Stress Testing Robots…with Baseball Bats


When you are working on constructing the first Cyberdyne Systems Model 101 prototype a super-robust robotic arm, you’ve got to test it somehow, right?

You probably recognize the robot being abused in the video below, as we have talked about the construction of its hand once once before. The German Aerospace Center has been working on the DLR Hand Arm System for some time now, and are obviously really excited to show you how their design performs.

In case you are not familiar, the arm you see there uses 52 different motors, miniaturized control electronics, and a slew of synthetic tendons to behave like a human arm – only much better. The system’s joints not only provide for an incredible amount of articulation, they are specially designed to allow the unit to absorb and dissipate large amounts of energy without damaging the structure.

We think that any human would be hard pressed to retain their composure, let alone be able move their arm after suffering a blow from a baseball bat, yet the robot arm carries on just fine. It’s awesome technology indeed.


39 thoughts on “Stress Testing Robots…with Baseball Bats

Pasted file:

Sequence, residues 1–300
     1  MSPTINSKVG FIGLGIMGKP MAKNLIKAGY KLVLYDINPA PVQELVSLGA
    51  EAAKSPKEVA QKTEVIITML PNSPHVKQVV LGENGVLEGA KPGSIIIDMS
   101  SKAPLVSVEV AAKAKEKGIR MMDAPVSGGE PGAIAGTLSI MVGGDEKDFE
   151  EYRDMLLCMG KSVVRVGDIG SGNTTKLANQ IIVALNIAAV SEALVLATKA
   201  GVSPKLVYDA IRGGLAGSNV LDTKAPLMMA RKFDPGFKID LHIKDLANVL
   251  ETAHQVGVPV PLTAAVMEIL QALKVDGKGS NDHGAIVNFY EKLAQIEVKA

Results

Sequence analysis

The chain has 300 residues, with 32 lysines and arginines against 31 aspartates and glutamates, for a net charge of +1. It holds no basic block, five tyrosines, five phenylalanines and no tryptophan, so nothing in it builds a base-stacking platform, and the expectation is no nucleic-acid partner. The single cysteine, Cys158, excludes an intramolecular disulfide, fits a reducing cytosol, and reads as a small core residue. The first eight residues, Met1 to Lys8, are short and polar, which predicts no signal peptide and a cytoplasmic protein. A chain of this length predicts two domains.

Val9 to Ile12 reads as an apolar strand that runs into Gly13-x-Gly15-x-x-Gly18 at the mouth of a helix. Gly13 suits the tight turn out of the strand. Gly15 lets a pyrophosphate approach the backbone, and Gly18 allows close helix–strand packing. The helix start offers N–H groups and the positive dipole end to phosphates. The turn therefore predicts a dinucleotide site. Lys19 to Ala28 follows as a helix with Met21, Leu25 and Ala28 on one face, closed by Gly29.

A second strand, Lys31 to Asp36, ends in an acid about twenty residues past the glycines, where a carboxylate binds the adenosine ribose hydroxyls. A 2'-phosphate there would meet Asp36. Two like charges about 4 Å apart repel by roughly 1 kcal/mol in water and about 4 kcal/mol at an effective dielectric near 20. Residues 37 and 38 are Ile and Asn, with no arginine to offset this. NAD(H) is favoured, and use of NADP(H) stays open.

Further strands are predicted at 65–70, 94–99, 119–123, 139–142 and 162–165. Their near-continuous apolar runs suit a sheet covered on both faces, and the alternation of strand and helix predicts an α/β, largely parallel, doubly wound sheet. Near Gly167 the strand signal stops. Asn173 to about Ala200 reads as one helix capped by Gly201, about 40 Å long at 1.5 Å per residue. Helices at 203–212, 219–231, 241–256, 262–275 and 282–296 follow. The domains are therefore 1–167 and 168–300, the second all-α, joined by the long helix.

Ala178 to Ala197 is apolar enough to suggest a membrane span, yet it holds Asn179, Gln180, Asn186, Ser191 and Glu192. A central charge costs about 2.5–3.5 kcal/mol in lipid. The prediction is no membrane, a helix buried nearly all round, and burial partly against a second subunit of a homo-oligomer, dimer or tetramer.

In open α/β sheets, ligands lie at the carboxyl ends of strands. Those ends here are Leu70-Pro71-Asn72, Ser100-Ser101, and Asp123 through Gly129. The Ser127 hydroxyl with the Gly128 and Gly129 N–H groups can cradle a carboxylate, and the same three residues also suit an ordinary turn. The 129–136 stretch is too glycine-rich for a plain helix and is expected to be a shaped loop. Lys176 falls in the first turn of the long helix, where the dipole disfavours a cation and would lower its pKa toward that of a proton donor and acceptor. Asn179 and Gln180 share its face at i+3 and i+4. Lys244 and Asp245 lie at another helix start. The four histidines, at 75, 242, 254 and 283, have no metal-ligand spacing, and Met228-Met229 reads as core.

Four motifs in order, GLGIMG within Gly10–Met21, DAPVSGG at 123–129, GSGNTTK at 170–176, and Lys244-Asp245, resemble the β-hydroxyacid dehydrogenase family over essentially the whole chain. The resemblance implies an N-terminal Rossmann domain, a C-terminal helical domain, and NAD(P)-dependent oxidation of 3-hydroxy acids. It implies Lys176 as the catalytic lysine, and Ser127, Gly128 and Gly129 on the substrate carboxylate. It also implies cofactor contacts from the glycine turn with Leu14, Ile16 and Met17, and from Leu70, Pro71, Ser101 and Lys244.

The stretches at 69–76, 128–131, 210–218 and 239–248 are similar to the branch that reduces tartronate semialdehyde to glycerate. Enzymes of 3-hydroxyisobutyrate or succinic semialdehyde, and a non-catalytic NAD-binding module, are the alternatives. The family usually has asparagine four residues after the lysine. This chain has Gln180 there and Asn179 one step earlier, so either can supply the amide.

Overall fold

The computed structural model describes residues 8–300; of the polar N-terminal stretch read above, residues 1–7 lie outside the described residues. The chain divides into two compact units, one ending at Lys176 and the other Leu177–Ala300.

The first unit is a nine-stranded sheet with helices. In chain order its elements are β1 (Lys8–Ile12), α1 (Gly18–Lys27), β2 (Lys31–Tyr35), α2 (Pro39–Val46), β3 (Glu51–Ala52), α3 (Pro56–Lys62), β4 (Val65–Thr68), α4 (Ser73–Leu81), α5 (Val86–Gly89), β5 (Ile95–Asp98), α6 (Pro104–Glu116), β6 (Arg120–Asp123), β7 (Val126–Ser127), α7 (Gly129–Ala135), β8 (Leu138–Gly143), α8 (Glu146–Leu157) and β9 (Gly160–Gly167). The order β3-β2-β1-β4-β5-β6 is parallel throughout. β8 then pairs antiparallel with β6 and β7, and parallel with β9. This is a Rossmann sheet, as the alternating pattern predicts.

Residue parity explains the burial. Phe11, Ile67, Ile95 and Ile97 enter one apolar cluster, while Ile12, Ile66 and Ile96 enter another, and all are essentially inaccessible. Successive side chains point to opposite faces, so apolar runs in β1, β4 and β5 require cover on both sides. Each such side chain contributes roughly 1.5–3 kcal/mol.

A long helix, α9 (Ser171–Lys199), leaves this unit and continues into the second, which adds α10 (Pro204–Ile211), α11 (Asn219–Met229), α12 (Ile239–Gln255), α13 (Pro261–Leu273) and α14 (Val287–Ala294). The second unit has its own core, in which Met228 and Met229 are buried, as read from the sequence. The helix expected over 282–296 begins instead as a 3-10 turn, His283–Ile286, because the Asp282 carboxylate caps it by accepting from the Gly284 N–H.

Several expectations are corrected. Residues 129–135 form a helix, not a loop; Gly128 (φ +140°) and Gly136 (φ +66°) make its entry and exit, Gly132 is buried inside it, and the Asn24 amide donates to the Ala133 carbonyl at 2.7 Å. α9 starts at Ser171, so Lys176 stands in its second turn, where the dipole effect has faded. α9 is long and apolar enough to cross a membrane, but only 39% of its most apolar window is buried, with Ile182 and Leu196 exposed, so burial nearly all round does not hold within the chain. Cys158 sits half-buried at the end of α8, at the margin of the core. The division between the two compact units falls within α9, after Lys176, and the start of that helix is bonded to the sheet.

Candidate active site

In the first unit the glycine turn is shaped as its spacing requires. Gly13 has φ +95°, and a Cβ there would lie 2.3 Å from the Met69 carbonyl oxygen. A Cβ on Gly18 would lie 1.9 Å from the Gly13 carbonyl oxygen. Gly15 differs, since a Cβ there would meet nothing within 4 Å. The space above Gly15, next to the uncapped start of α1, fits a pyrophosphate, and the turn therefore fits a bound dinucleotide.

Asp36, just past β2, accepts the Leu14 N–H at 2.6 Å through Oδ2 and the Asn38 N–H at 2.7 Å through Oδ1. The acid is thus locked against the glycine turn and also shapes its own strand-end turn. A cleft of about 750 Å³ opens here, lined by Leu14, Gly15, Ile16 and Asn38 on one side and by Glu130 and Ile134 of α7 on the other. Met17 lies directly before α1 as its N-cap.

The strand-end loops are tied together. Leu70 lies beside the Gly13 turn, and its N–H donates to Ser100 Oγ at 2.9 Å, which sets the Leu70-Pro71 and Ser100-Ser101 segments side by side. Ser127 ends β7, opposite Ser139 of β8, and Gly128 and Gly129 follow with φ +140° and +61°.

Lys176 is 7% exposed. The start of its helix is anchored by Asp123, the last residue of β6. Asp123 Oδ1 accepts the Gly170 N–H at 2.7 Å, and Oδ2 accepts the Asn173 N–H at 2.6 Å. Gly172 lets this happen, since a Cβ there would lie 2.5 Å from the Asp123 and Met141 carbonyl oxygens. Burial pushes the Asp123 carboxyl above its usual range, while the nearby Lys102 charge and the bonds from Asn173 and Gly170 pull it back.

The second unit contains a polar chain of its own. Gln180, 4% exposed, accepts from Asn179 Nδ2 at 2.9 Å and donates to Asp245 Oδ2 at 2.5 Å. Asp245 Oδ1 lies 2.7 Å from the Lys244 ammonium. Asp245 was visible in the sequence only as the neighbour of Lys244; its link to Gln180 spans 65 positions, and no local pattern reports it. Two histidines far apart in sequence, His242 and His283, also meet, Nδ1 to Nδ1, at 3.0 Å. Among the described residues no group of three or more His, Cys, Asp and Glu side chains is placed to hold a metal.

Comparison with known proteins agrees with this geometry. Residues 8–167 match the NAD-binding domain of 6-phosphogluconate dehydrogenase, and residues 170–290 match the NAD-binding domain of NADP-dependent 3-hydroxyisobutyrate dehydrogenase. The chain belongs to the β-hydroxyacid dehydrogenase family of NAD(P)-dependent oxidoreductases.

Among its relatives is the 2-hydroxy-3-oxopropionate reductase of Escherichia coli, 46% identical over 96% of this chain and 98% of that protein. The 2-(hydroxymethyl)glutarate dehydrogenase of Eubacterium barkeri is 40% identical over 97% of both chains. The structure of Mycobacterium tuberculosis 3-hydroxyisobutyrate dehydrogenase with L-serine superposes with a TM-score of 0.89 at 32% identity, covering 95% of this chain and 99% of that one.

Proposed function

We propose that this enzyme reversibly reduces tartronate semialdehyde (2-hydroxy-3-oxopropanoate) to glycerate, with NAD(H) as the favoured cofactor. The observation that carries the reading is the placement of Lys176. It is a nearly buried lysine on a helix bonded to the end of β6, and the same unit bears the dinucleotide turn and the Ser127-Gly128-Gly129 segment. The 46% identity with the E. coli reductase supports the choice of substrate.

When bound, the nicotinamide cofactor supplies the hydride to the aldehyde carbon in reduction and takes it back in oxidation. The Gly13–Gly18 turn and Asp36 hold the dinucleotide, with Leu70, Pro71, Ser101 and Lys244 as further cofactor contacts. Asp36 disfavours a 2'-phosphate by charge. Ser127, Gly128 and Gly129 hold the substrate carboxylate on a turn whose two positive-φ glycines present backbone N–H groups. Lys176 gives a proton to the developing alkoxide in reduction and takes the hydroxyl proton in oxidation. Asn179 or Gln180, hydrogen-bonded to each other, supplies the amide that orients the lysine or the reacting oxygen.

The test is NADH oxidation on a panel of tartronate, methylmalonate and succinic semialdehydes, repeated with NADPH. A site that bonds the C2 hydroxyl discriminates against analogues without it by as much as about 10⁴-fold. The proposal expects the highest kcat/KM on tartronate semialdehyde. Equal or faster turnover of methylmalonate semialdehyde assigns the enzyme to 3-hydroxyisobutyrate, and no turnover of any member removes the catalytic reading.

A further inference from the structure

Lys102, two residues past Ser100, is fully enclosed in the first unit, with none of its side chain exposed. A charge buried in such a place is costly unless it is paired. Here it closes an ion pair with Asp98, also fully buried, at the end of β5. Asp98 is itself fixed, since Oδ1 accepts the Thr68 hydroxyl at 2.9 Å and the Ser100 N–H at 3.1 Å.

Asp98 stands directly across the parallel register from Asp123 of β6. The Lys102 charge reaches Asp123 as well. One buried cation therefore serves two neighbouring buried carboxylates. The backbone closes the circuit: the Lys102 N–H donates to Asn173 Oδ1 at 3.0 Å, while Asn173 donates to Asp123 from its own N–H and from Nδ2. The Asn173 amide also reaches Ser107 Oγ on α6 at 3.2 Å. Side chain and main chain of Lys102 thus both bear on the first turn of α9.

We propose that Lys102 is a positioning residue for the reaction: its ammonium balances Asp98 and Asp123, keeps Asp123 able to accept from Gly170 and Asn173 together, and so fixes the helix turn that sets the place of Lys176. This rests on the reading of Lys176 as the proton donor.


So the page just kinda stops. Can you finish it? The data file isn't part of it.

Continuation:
1. KYLE NO!! This thing looks pretty small, how much does it weigh, it could be used for amputees if its light enough. (Not that I would aprove beating amputees with baseball bats, we should save that for when the robots revolt.)

  2. Seems like he didn’t hit it extremely hard. In addition, he hit it at what seems like the least likely point to cause damage. I understand the idea that the joints move somewhat to redistribute the force. But I wouldn’t have expected a blow like this to damage it to begin with.

  3. Yet the problem is, that while the parts are stronger and can take more abuse, the damage is cumulative and doesn’t go away.

    Aluminium parts are especially vulnerable to fatigue. You make a robot leg out of aluminium parts, and unless you seriously over-engineer it, it’s going to develop fractures and then fail.

    That’s why airplanes are glued instead of riveted when they make them out of aluminium. The idea is to spread the load without causing hots spots like on the rivet holes, where the material would fail under repeated cyclic stress.

    And that’s why you can’t easily make a car chassis out of aluminium either. People have tried, but they usually end up having the wheels pop off at inconvenient times.

  4. @Dax “You make a robot leg out of aluminium parts, and unless you seriously over-engineer it, it’s going to develop fractures and then fail.”

    While aluminum does have poor fatigue characteristics, it is still a great engineering metal. I would disagree with the assertion that you have to “seriously over-engineer it” to make parts that won’t develop fractures and fail (in a reasonable and useful lifetime).

    An incredible number of things are made out of aluminum that don’t fail, like mountain bikes, and even car frames. Audi has been using aluminum frames for a long time, and I’ve never heard of any Audi’s wheel popping off.

    There are some valid concerns with aluminum fatigue, and like you said things like airplanes may use glue instead of rivets on thin pieces like sheet metal, but for general machined parts, aluminum is great, and you could make a great robot leg out of it.